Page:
Currently, PILONs are subject to tax and National Insurance contribution deductions if they are contractual (or customarily paid on termination). Such payments are, however, payable tax-free if they are non-contractual and therefore essentially being paid as damages for loss of notice and breach of contract.
However, from 6 April 2018, all PILONS will be treated as taxable “earnings”, irrespective of whether they are contractual or non-contractual, and will be subject to tax and National Insurance contributions. It will therefore no longer be possible to agree an early termination, forego part or all of the notice period, and treat the equivalent of the notice pay as a tax-free compensation payment. Employers must treat the proportion of a termination payment, which reflects basic pay for any part of a notice period that is not served, as earnings subject to tax and National Insurance contributions.
A “termination payment” is any payment that is not already chargeable to income tax and does not include contractual payments (such as salary, holiday pay, bonuses) or, payments made as consideration for entering into new obligations such as restrictive covenants, all of which are taxable in full. Termination payments are tax-free up to a threshold of £30,000 and this will include any redundancy payment. The excess of any termination payment over this threshold is taxable.
Normal termination payments will continue to benefit from the £30,000 tax exemption, but the new category referred to as “post-employment notice pay” will be excluded from the exemption. Employers will therefore need to carefully separate out the various elements of the payments made on termination of employment.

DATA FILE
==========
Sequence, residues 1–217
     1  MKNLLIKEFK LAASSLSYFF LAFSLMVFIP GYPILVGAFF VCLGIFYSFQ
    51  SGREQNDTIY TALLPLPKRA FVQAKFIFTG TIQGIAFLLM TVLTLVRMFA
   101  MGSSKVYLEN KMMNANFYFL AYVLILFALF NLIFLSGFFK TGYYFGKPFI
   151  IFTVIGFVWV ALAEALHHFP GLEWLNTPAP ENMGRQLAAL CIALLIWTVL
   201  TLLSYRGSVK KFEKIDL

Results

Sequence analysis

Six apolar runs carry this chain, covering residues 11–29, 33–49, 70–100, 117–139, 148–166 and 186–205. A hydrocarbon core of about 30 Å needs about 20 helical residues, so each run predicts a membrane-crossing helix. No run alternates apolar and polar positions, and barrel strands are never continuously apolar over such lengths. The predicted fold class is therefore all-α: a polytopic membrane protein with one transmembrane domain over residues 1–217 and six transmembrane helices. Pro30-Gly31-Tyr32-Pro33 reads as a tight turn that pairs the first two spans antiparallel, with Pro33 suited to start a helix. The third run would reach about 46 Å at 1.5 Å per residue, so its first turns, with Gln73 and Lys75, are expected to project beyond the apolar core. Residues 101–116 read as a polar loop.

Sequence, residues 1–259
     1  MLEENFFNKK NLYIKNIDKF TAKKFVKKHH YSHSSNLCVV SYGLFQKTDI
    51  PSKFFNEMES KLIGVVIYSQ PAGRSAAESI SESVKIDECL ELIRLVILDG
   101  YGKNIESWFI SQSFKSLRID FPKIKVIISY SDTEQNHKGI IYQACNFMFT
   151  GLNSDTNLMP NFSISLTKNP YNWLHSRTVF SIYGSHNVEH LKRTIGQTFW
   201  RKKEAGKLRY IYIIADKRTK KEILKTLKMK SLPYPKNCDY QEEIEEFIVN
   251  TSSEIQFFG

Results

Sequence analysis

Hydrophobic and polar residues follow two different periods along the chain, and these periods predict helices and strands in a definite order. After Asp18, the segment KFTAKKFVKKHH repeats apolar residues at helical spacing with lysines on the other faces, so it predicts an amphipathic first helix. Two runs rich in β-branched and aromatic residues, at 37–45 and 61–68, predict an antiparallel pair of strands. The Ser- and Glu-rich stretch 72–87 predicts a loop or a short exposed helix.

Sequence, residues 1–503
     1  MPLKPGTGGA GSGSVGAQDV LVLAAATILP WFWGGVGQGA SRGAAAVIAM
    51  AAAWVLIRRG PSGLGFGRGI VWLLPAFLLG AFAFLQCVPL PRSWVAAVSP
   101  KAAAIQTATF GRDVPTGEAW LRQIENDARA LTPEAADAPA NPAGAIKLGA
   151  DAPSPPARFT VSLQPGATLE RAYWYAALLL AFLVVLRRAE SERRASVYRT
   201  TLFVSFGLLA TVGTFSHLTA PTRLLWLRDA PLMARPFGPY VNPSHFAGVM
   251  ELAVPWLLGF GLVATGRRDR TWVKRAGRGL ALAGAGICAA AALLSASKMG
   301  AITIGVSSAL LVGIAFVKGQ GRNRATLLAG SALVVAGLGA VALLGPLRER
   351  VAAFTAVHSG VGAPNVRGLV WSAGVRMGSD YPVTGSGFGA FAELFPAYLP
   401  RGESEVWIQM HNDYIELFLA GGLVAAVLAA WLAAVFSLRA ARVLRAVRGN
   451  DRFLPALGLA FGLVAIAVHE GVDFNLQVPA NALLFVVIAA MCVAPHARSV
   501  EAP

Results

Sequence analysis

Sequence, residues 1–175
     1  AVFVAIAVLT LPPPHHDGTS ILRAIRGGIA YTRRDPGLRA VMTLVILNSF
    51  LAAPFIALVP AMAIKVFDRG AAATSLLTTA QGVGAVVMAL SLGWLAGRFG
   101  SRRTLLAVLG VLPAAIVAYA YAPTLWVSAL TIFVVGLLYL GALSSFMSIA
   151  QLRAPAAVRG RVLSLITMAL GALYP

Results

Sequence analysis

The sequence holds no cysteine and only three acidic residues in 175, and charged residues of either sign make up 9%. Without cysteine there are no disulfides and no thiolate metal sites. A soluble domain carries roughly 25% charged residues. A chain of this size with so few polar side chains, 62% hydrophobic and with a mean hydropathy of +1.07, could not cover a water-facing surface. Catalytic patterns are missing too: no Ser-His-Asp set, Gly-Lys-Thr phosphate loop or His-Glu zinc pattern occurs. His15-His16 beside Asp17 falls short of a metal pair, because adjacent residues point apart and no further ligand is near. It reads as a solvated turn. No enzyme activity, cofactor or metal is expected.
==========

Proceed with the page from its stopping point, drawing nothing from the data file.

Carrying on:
In cases where the only payment made to the employee is a PILON, it will be subject to tax and National Insurance contributions and will not benefit from the £30,000 tax-free exemption. However, if the termination payment includes additional payments the employer will have to calculate which element is taxable, and which is not.
This will involve identifying any notice payments that the employee would have received if they had worked their notice period (irrespective of whether there is a PILON clause in the contract of employment or not), as these will be taxable. HMRC will assume that any termination payment will include post-employment notice pay if the employee is not required to work their full notice (either contractual or statutory).
The new rules relate to circumstances where employment is terminated, and the termination payment is made, on or after 6 April 2018. This should be borne in mind when negotiating settlement agreements immediately prior to this date. Any PILONs paid on or after this date, for employment which terminated on or after this date, will be subject to tax and National Insurance contributions and may therefore be more costly for employers.*
In light of the new rules, employers whose employment contracts do not already contain a PILON clause may wish to consider revising these to include a contractual PILON. This is particularly important if the contract contains restrictive covenants, as these will cease to be effective post-termination if the employer pays in lieu of notice, in breach of contract, on termination of employment.
In summary the main practical consequences of these new rules are:
- If you are negotiating a termination package where there is no contractual PILON termination will have to take place before 6 April if you want to pay the PILON tax-free;
- It is no longer going to be possible to agree an early termination and to treat the PILON as compensation;
- There will be no longer be any advantage to not having a PILON clause in your contracts of employment;
- In future you may end up paying more to conclude settlement negotiations because the notice pay will always be taxable.
*This article was updated on 21 March 2018, to reflect new HMRC Guidance which confirmed that the new tax rules would apply to payments made on or after 6 April 2018 in circumstances where the employment is also ended on or after 6 April 2018.
All content on this page is correct as of March 22, 2018.